No mention of girls

I’ve got a review! One in print, in a magazine people actually read! The August/September issue of Red Pepper, to be precise:

‘More Work! Less Pay!’ Rebellion and repression in Italy, 1972-77
Phil Edwards
Manchester University Press
Unlike anywhere else in Europe, Italy experienced a ‘second 1968’ during the mid-1970s – an extraordinary wave of student occupations and innovative mass wildcat actions in its major cities. Reaching a climax in 1976-77, it involved hundreds of thousands of people, and included rent and fare strikes, large-scale squatting, organised shoplifting and a widespread ‘refusal of work’ by young people.

The movement was chaotic and diverse, embracing unreconstructed Leninists and stoner anarchist pranksters, radical feminists and macho leather-jacketed street-fighting men, university lecturers and ex-cons. It was also riven with differences on political tactics, particularly on the use of violence. Some participants were pacifists, others out-and-out enthusiasts for armed struggle. Most were somewhere in between.

These differences ultimately proved to be the movement’s undoing. Faced with the unrelenting hostility of the Italian Communist Party (PCI), the main party of the left, which at the time was attempting to effect an ‘historic compromise’ with the centre-right Christian Democrats, a small but significant minority of activists opted for armed struggle to the exclusion of all else. After that the state came down hard on anyone publicly associated with the ‘area of autonomy’ (regardless of what they had actually done), arresting and incarcerating hundreds from 1978 onwards.

Phil Edwards first caught wind of what was happening in Italy as a teenager reading the British anarchist press, and his book is the product of many years’ research. It is very much a hybrid – in part narrative history, in part a contribution to the political sociology of social movements.

He argues convincingly that it is wrong to look at the mid-1970s rebellion merely as an aftershock of Italy’s ‘hot autumn’ in 1969, when a wave of worker and student militancy rocked Italian society. By the mid-1970s, a new generation was involved and Edwards makes telling points about the short-sightedness of the PCI’s anathematisation of the new movement. In its single-minded pursuit of the ‘historic compromise’, he argues, it lost the chance to renew itself by taking on at least some of the movement’s demands.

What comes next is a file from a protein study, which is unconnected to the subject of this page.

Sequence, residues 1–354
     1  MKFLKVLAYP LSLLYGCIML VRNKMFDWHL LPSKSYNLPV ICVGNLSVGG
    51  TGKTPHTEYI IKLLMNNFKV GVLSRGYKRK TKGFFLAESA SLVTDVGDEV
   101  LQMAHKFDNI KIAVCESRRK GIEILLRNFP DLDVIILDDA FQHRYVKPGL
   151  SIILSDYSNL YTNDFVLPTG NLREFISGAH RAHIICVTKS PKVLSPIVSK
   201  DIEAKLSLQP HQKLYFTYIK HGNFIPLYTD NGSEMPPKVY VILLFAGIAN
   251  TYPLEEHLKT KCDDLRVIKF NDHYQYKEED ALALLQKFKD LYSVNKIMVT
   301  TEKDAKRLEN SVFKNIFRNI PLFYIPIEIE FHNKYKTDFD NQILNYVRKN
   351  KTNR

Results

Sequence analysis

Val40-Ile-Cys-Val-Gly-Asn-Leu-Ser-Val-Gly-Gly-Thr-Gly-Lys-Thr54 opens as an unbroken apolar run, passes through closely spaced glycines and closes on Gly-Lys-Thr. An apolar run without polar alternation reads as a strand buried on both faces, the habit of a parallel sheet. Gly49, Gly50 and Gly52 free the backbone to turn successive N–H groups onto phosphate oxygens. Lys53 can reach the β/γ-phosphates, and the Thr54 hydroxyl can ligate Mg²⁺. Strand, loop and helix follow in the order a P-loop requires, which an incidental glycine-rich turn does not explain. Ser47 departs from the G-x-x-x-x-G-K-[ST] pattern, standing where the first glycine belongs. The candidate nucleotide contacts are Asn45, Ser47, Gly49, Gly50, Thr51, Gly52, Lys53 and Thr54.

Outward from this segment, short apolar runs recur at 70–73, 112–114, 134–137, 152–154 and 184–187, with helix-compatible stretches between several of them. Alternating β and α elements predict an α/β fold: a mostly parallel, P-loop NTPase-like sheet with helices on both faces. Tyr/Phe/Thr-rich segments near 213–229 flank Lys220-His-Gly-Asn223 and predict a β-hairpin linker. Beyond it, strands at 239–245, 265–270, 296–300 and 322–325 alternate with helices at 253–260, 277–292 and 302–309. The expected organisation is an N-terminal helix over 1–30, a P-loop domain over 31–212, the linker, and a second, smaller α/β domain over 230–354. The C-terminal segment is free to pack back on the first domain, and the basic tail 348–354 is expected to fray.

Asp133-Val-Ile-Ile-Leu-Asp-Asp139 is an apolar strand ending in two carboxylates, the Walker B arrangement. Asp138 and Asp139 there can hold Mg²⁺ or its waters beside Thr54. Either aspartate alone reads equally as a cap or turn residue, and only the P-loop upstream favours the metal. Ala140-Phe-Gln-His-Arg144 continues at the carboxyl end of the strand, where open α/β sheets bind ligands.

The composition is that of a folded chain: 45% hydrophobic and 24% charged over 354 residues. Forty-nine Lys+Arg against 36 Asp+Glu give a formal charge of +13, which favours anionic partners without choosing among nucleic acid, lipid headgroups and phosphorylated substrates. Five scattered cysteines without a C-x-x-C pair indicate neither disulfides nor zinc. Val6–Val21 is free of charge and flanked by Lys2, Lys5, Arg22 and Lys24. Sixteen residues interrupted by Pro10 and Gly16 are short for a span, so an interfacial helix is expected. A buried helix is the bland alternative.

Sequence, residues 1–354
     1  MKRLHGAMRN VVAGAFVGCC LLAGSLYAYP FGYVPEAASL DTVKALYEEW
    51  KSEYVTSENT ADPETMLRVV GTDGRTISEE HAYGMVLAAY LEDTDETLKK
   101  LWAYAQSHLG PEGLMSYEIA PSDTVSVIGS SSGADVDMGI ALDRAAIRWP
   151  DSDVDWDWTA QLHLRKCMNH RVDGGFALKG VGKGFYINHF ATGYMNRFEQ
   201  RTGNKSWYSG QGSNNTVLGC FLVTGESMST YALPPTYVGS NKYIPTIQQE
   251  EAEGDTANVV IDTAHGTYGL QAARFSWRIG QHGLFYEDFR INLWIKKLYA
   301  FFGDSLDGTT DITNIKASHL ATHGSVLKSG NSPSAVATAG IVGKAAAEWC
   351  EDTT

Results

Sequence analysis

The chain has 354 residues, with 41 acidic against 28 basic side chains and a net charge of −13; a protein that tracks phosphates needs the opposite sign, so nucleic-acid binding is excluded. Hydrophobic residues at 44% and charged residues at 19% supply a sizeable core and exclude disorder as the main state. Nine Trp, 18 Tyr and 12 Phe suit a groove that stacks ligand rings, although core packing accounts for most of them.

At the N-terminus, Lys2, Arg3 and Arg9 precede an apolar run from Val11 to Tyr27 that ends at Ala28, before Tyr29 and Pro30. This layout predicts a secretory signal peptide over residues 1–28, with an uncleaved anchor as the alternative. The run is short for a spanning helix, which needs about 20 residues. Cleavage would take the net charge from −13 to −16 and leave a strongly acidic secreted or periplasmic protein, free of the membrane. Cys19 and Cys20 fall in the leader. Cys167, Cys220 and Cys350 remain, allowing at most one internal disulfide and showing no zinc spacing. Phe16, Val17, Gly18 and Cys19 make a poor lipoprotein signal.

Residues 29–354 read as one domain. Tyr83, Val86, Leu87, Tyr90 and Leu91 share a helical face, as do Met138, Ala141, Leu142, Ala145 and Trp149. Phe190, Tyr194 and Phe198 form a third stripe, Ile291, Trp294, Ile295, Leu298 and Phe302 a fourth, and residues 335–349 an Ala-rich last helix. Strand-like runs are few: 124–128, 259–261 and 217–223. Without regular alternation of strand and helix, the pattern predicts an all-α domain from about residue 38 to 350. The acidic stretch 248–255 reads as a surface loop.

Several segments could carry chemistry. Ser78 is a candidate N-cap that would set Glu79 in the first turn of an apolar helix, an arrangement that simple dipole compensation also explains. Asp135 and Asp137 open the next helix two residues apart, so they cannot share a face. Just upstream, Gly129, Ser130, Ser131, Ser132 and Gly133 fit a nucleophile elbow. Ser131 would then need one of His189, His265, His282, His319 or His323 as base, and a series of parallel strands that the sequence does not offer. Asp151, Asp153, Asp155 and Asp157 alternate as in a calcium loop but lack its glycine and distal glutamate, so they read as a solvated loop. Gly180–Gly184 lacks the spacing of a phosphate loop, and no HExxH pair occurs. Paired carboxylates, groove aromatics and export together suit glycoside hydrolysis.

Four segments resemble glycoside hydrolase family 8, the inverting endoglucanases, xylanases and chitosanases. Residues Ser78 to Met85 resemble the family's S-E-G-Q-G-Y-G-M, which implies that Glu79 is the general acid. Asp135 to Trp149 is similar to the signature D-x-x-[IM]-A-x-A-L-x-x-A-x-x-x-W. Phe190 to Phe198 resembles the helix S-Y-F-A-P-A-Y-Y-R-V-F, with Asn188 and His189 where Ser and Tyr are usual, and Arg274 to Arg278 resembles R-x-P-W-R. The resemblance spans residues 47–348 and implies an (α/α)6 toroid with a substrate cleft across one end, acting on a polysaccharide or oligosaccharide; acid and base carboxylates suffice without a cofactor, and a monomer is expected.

This is a serious piece of work that deserves a much wider readership than it is likely to get retailing at £60. Steal this book!

Paul Anderson

I don’t think I’d quarrel with any of that, with the obvious exception of the last sentence. (Although if you do see the book in a bookshop, it would be very much in the spirit of the movement to take it to the counter and insist on paying a price you can afford. But I wouldn’t advocate this, of course.)

Paul is someone I had a lot in common with when I first knew him, back in the late 80s – knowledge of the Sits, the Solids and the Italian scene; hatred of Communism and other forms of Leninism; interest in Yugoslavia, as it then was; E. P. Thompson fandom, and of course membership of END. I think it’s fair to say that Paul and I went in slightly different directions politically over the next couple of decades – I more or less dropped the anti-Leninist thing, while he hung on to that but dropped his opposition to New Labour. One of us is surely headed for the dustbin of history, but in the absence of a future edition of The Encyclopedia Galactica or similar it’s unfortunately impossible to say which. But in any case, Paul is a thoroughly good bloke – and, more to the point, knows a lot about the radical left in Italy in the 1970s. I’m really pleased that the book has got his endorsement.